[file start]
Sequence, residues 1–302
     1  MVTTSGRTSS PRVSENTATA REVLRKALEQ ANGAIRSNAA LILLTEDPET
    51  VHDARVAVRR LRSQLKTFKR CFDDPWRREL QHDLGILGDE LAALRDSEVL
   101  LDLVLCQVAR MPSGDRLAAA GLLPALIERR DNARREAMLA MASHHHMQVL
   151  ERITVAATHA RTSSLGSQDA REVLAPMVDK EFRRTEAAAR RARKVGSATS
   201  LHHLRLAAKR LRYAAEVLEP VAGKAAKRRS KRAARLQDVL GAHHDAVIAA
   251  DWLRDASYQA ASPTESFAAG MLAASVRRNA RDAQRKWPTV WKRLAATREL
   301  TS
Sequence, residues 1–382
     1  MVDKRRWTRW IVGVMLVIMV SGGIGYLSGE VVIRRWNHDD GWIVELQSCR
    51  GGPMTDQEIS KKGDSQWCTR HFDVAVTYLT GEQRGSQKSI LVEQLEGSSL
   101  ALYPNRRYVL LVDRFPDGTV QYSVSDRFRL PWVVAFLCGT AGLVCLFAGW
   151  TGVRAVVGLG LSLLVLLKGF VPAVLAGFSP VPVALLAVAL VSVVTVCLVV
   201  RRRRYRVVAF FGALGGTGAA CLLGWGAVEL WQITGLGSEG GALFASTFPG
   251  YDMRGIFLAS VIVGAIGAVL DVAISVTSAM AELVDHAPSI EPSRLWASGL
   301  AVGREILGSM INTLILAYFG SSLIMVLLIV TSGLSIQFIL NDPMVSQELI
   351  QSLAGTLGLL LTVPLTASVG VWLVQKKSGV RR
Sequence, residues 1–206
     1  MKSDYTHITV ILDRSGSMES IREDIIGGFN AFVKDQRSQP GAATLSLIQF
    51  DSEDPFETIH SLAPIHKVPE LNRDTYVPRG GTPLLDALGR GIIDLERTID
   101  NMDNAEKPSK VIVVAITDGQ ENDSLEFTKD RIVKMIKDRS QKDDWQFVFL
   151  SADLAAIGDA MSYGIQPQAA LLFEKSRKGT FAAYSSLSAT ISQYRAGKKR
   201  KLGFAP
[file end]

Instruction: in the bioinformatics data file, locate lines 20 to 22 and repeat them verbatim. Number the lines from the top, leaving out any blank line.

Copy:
    51  DSEDPFETIH SLAPIHKVPE LNRDTYVPRG GTPLLDALGR GIIDLERTID
   101  NMDNAEKPSK VIVVAITDGQ ENDSLEFTKD RIVKMIKDRS QKDDWQFVFL
   151  SADLAAIGDA MSYGIQPQAA LLFEKSRKGT FAAYSSLSAT ISQYRAGKKR